Brexit Britain from Abroad: Weakened May Lives to Fight Another Day
The Brexit Circus
Commentators frequently call political fiascoes “circuses,” but rarely does a political class oblige by providing three rings of entertainment at once. Such is the British government’s attempt to leave the European Union.
In the first ring, Prime Minister Theresa May survived a challenge to her government on Tuesday, as the House of Commons batted down amendments to Brexit legislation proposed by Remainers in the House of Lords. But the votes were nail-biters in a way such legislation usually isn’t.
This suggests the issues—parliamentary oversight of a final Brexit deal with Brussels, and what trade deal London should work toward—won’t go away. Mrs. May’s restive Tories were pacified with a promise they’ll be able to vote on a final Brexit. They also were corralled with a reminder that a legislative defeat would topple her government, but one day they may view that as a promise instead of a threat and replace her.
Meanwhile in the second circus ring, negotiations with Brussels are going badly. Mrs. May is seeking a “backstop” deal to manage trade across Northern Ireland’s border if the two sides can’t agree on the future relationship between Britain and the EU as a whole. This matters because the Good Friday Accords of 1997 hinged on frictionless travel and trade between Ireland and Northern Ireland, and imposing a hard border for customs reasons might inflame sectarian passions. Brussels and Dublin want to insure this won’t happen if they can’t strike a final agreement with London in time.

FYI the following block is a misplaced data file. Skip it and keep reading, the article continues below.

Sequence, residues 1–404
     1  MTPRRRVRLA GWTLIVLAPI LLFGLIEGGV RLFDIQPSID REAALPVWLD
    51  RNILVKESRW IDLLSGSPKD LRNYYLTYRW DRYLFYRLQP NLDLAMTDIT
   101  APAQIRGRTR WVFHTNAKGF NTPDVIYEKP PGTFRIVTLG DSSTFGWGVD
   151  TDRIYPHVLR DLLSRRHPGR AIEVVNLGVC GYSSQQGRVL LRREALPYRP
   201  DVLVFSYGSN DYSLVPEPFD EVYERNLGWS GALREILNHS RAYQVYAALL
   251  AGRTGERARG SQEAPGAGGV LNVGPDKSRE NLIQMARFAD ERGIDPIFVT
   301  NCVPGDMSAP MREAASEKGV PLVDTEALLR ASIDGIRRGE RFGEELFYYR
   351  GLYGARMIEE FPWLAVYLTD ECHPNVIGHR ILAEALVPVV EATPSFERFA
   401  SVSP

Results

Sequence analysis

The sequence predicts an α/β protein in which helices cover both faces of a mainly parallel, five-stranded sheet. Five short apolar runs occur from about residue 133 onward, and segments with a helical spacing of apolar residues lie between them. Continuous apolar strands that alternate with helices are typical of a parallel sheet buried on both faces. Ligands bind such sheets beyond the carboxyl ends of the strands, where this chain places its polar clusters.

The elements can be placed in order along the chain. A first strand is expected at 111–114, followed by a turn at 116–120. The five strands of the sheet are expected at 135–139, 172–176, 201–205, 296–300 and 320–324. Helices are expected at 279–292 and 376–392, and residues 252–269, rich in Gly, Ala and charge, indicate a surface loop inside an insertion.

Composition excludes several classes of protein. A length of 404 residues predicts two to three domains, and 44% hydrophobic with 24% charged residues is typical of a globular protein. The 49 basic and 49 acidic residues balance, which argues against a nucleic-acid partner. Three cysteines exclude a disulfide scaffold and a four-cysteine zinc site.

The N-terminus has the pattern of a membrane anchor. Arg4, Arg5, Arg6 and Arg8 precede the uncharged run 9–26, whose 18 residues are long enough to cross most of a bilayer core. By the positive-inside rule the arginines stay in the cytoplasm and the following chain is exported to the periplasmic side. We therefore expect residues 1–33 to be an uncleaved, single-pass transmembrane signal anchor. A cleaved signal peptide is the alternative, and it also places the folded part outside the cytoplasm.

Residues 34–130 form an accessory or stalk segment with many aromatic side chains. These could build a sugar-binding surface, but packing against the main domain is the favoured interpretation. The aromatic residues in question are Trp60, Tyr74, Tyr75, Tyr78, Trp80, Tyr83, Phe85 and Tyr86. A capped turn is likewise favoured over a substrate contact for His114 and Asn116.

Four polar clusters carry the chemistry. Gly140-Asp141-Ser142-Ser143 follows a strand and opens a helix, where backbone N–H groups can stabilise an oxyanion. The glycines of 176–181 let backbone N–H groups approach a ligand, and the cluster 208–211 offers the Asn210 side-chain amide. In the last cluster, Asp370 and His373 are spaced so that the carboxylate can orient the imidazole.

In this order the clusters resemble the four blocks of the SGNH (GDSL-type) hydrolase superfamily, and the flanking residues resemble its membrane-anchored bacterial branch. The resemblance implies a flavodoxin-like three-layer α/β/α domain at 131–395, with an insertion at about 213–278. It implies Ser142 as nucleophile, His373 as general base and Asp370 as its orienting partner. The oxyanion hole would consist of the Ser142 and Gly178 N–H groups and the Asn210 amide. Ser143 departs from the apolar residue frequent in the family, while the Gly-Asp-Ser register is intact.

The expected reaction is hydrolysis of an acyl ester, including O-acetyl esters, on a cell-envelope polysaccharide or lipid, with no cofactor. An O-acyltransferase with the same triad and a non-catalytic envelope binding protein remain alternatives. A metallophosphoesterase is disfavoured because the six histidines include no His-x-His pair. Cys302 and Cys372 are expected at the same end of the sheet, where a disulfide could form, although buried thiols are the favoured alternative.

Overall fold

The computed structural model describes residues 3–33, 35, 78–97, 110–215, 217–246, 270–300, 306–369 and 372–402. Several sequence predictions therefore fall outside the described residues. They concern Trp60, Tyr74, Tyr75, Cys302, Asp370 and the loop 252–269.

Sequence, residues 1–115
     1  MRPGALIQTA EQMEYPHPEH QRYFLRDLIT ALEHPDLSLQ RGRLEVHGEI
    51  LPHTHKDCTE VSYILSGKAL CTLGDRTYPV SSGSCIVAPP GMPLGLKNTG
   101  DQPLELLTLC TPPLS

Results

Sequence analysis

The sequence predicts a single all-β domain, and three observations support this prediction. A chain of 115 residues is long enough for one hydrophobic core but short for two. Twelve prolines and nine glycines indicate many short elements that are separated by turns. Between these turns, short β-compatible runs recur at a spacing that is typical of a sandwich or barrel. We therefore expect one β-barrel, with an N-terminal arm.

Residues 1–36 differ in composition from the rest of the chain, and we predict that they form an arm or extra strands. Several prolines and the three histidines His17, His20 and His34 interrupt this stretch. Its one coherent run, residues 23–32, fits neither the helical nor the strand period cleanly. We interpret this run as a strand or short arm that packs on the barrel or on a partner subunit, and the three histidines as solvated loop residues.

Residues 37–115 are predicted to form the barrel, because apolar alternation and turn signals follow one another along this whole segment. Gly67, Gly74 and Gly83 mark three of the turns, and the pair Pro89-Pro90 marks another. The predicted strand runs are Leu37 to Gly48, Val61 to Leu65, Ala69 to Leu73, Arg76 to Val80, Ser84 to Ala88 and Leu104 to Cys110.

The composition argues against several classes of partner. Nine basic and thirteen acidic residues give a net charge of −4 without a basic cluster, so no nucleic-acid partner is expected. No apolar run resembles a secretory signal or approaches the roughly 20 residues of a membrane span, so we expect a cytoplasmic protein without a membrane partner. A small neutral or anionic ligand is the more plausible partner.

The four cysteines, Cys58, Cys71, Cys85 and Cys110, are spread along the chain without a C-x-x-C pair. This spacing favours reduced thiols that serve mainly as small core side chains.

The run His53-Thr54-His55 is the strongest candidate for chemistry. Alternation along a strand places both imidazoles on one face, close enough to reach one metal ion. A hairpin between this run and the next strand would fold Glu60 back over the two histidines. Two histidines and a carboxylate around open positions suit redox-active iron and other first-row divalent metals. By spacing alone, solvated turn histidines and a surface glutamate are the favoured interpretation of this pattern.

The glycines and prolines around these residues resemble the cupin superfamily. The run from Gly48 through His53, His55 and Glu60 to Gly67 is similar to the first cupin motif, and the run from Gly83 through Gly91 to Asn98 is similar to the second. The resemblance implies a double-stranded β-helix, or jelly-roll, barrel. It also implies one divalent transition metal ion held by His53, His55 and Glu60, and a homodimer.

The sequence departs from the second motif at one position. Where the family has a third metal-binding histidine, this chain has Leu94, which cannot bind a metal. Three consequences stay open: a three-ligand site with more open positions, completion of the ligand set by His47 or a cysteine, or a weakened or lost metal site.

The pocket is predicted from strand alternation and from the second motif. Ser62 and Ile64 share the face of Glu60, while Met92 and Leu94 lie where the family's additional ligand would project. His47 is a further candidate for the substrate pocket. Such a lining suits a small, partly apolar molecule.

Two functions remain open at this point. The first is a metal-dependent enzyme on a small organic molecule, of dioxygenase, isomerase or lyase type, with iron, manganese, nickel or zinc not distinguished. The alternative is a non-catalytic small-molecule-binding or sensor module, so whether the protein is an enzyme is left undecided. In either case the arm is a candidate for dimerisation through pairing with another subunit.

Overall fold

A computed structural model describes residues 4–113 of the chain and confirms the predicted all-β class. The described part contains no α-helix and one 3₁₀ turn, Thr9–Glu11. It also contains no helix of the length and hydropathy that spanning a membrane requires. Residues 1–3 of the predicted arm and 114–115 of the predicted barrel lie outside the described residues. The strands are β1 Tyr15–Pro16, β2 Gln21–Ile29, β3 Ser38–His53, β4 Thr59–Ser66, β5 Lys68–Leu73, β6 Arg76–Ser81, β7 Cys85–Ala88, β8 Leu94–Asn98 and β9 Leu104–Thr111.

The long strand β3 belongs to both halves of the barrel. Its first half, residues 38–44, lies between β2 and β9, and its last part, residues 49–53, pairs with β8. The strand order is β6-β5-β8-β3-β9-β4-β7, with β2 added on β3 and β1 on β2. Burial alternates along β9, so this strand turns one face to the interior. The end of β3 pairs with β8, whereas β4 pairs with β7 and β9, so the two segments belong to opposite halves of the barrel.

The larger point is that two years after the referendum and with Brexit Day looming next March, Brexiters are struggling to devise legal and politically viable trading plans. That’s exposing them to bruising criticism from Remainers and denting public confidence in Brexit. A plurality in one recent poll thought Brexit would be bad for the economy, and a plurality in another now oppose leaving the EU.
Which brings us to ring three: A trove of emails reported by the London Times over the weekend suggest the Kremlin supported a major funder of the Leave campaign. Businessman Arron Banks, a prominent euroskeptic and main backer of the Leave.EU campaign group, denied untoward cooperation with Russians in parliamentary testimony on Tuesday, and there’s no evidence that Russian influence swayed the referendum. But reports that Mr. Banks wasn’t forthcoming about his Russian contacts could further erode support for Brexit.
This week Parliament has finally started voting on fifteen amendments that the House of Lords had handed down in order to change the EU withdrawal bill. It was crunch time for Theresa May.
In order to heighten the tension some hours before the vote, the europhile undersecretary of state for youth justice, victims, female offenders and offender health, Philip Lee, resigned from his job in order to speak freely against the government's Brexit strategies. Another Tory rebel has outed himself. And he said at least one memorable sentence: "In the future it will be countries with allies that survive." The Brexiteers should have this cut in stone and put it in their front gardens.